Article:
One of Germany’s top orchestras fired Russian maestro and Kremlin loyalist, Valery Gergiev, as its chief conductor on Tuesday after he failed to denounce Moscow’s invasion of Ukraine, capping a stunning fall from grace for the classical music superstar. “With immediate effect, there will be no further concerts by the Munich Philharmonic Orchestra under his direction,” Munich mayor Dieter Reiter said in a statement.
The dismissal is the latest blow for the 68-year-old, who is considered one of the world’s greatest conductors. But famously hard-working Gergiev, who clocks up an average of 275 concerts per year, has come under pressure from arts institutions around Europe since Russia attacked Ukraine last week, and has already been dropped from a slew of prestigious concerts.
As well as being the principal conductor of the German orchestra since 2015, Gergiev is perhaps best-known as the long-standing artistic director of the Mariinsky Theatre and the famous White Nights Festival in Saint Petersburg. Gergiev has not yet spoken publicly regarding Moscow’s offensive. But he has proven fiercely loyal to Russian President Vladimir Putin in the past, allying with him on the 2014 annexation of Crimea and a law aimed at stifling LGBT rights activists in Russia. Gergiev, who has known Putin for three decades, spoke of his admiration for the Russian leader in a 2018 interview with AFP.
He praised Putin for guaranteeing stability in Russia and restoring national pride, saying the president’s popularity was something “the Western world has difficulty understanding”. The Munich orchestra had given Gergiev until Monday to take a stance against Moscow’s attack on Ukraine, but the deadline passed without a response from the conductor. “Valery Gergiev has not spoken out despite my request that he distance himself clearly and unequivocally from the brutal war of aggression that Putin is waging against Ukraine,” Reiter said.
“A clear signal to the orchestra, its audience, the public and the city’s politicians would have been indispensable in order to be able to continue working together. Since this did not happen, the only thing that remains is an immediate separation,” he said. Gergiev had in recent days already been dropped from upcoming concerts at the renowned Philharmonie concert hall in Paris and New York’s Carnegie Hall, where he was due to lead the Vienna Philharmonic.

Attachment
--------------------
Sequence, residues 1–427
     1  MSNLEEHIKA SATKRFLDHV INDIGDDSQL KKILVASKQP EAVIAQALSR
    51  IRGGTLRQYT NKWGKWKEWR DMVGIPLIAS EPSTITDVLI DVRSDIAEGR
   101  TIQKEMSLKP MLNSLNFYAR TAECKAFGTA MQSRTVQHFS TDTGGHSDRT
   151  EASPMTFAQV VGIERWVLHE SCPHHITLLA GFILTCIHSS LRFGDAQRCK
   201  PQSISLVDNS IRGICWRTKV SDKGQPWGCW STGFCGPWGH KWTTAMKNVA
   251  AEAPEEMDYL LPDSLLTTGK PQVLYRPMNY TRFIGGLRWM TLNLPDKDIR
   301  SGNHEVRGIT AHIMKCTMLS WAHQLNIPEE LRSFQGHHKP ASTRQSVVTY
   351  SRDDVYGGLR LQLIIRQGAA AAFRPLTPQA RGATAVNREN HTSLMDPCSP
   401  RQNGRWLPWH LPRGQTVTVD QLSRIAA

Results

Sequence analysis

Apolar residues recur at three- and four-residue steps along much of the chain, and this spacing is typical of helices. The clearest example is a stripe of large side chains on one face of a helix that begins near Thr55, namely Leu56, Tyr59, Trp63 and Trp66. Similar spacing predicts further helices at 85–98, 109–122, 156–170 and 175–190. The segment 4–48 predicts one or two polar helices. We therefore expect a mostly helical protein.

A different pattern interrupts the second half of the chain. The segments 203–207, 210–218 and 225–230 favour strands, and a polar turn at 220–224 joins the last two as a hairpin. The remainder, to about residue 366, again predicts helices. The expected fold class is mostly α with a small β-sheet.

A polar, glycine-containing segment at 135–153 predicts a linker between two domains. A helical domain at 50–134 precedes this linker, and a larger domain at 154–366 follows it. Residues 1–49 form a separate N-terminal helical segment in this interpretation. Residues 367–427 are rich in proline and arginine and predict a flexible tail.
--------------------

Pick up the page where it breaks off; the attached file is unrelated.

The Edinburgh International Festival has also cut ties with him, as has Switzerland’s Verbier Festival, as well as his agent in Germany, Marcus Felsner. Gergiev was told last week he would be sacked from performances of Tchaikovsky’s opera “The Queen of Spades” in Milan’s Teatro alla Scala if he did not publicly condemn the war in Ukraine.
The mayor of Milan and president of La Scala, Giuseppe Sala, on Monday said Gergiev had “not responded” and was therefore unlikely to appear on the podium as scheduled on March 5. In New York, the General Manager of the Metropolitan Opera, Peter Gelb, vowed that the world-famous opera house will “no longer engage with artists and institutions that support Putin or are supported by him,” without naming any specific names.
Gergiev’s hyperactivity, as well as winning him a global following, has drawn brickbats. After eight years at the head of the London Symphony Orchestra, The Guardian newspaper in 2015 accused him of spreading “his considerable talent far too thinly, so that routine and sometimes under-prepared performances have been far too frequent.” In the interview with AFP, Gergiev shrugged off the remarks. “I have been hearing that criticism for 20 years and that has not stopped me leading great Western orchestras,” he replied.— AFP